Our research can be broadly divided into two, although not mutually exclusive, areas: cancer biology and in vivo systems biology. The tree below shows the hierarchical structure of our research under the broad rubric of signaling pathway dysregulation.
Our cancer biology work focuses largely on the influence of activating Ras mutations in the pathogenesis of colorectal cancer. Our primary approach is to genetically manipulate Ras signaling pathways both in vivo (in the mouse colonic epithelium) and in vitro (in human colorectal cancer cells). We have recently developed mouse models of colon cancer that rely on mutationally activated K-Ras or N-Ras. Tumors from these mice mimic human colon cancers at both the molecular and histologic levels.
Using our model, we have found that mutant K-Ras and N-Ras contribute to tumorigenesis in different ways: while K-Ras locks colon cancer cells in a stem-like state and prevents them from differentiating, N-Ras suppresses stress-induced apoptosis. In further characterizing these models, our immediate goals are 1) to understand how activated K-Ras and N-Ras contribute to malignant progression in the colon; 2) to decipher the complex network of downstream signals that mediate their oncogenic phenotypes; and 3) to establish whether mutation of K-Ras or N-Ras confers sensitivity to specific targeted therapeutics. We hope these studies will translate into the identification of novel therapies to attack cancers expressing mutant Ras.
We are also exploring a novel mode regulation for Ras proteins that may constitute a new strategy for cancer therapy. We have found that Ras proteins are post-translationally acetylated on lysine 104. Acetylated Ras is locked into an inactive conformation, preventing it from promoting cancer. We are currently working to identify the enzymes that regulate the acetylation state of Ras. Drugs that alter the activity of these enzymes may be useful for cancer therapy.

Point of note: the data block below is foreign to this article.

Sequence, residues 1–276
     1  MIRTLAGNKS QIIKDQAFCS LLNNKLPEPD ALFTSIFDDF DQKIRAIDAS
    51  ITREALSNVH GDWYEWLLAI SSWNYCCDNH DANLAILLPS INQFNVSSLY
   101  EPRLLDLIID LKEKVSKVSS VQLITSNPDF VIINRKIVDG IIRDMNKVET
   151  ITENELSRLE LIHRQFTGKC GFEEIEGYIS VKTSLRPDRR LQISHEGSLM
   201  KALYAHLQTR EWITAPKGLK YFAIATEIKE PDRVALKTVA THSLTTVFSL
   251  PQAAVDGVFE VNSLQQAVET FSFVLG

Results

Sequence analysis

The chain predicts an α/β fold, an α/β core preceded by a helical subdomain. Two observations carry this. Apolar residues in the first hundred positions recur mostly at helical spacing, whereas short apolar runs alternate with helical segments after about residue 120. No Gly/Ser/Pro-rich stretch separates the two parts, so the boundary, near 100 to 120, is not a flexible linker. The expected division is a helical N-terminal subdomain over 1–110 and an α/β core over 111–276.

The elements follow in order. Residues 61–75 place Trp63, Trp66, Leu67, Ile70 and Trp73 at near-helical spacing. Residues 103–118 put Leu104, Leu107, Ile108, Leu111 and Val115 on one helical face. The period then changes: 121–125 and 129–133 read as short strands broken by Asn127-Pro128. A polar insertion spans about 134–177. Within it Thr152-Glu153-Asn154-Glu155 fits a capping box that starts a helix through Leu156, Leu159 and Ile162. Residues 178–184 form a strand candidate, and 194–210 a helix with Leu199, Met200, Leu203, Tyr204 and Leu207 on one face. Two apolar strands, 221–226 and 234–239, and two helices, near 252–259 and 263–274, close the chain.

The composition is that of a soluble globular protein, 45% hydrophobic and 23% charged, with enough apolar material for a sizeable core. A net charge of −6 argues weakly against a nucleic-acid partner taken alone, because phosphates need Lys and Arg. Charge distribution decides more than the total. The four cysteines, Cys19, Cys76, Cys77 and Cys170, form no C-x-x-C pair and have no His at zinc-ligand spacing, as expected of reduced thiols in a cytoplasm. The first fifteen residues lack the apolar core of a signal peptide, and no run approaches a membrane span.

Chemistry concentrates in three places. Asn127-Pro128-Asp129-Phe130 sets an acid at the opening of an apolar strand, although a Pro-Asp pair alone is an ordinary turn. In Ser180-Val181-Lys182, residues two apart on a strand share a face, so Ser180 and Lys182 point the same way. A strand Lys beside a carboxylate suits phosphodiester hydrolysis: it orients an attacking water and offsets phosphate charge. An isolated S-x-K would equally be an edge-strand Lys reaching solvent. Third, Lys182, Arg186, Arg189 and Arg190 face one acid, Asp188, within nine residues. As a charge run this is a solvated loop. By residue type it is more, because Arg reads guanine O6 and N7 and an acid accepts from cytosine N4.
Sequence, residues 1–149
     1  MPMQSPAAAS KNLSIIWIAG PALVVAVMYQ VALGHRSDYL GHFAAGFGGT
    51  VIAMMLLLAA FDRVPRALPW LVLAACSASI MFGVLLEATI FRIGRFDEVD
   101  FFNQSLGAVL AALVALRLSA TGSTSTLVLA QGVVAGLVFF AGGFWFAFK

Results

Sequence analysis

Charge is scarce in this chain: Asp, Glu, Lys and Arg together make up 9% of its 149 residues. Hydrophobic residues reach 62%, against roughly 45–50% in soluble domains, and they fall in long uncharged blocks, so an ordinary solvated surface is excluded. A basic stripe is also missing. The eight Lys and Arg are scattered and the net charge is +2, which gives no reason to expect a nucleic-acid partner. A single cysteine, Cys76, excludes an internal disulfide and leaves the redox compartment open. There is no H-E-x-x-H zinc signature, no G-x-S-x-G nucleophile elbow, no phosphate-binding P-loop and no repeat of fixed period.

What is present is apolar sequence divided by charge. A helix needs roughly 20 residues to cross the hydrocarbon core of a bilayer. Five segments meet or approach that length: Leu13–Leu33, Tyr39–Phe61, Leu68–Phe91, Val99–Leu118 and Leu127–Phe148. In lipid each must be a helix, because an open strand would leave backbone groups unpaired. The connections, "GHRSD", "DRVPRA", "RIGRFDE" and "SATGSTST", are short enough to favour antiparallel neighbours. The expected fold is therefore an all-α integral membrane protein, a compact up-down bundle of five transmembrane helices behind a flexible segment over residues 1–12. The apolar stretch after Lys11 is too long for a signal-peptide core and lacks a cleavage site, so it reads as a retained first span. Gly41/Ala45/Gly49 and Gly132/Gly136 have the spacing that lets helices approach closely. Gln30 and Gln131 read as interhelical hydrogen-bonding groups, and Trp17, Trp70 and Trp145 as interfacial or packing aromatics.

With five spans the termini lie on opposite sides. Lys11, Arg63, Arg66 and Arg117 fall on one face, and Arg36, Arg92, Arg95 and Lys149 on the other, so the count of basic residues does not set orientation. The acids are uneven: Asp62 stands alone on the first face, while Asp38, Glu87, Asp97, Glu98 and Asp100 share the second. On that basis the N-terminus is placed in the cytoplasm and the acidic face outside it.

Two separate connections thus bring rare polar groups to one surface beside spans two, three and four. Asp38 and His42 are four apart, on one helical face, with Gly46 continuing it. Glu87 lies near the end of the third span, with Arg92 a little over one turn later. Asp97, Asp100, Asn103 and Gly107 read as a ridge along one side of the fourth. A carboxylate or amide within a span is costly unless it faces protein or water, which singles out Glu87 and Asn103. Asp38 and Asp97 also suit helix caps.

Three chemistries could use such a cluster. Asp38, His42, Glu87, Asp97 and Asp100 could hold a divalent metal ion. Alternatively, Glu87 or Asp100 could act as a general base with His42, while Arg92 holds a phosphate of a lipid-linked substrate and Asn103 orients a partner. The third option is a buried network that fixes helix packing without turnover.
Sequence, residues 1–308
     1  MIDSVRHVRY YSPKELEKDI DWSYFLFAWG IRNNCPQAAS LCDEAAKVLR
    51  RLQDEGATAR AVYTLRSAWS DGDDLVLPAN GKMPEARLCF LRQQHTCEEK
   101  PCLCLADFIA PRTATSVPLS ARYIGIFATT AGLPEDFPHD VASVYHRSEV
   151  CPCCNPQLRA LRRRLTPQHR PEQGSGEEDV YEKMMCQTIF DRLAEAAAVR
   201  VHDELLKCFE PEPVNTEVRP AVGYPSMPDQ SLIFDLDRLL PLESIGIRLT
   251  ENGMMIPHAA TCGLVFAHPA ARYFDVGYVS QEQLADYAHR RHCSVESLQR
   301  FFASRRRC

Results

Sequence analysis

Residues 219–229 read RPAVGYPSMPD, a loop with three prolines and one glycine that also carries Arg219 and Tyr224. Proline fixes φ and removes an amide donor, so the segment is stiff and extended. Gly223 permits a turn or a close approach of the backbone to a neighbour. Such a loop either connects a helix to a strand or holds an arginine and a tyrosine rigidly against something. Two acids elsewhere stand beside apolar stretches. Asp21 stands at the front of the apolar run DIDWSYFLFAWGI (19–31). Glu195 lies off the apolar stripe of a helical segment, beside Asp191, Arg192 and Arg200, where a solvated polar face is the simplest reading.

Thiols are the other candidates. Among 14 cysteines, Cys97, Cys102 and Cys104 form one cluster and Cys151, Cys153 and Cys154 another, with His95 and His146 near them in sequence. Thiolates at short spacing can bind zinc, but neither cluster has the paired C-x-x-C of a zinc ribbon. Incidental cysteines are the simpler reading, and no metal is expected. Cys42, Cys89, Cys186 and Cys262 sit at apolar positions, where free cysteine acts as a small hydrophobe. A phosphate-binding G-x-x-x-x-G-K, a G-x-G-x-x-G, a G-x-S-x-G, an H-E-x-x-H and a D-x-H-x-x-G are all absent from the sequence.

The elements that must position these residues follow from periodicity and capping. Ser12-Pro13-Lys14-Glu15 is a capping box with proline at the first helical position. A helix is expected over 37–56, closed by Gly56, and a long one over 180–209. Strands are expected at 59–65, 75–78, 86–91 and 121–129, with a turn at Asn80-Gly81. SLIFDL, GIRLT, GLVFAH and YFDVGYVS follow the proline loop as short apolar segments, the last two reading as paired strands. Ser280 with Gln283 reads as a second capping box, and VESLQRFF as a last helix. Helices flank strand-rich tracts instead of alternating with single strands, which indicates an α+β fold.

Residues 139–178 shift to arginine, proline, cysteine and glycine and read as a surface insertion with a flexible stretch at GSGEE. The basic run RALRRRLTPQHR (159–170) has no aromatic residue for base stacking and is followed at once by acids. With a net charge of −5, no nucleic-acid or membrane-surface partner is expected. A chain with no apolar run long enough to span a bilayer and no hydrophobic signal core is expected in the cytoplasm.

in vivo Systems Biology
Our lab applies systems biology approaches to mouse models in an effort to understand genetically complex diseases. This work focuses on the development of computational models of dysregulated signaling networks in the context of disease. Currently, we are focusing on two classes of disease: 1) chronic inflammatory conditions of the gastrointestinal tract (inflammatory bowel diseases); and 2) neurodegenerative diseases, such as Parkinson's disease, Alzheimer’s disease, and frontotemporal dementia.
The novel aspect of our systems approach is that we focus strongly on the analysis of protein signaling data sets generated from in vivo experiments. These data sets are comprised of quantitative measurements of cytokine and phospho-protein levels.
Our ultimate goal is to elicit biologically/clinically meaningful information that will allow us to identify new therapeutic targets.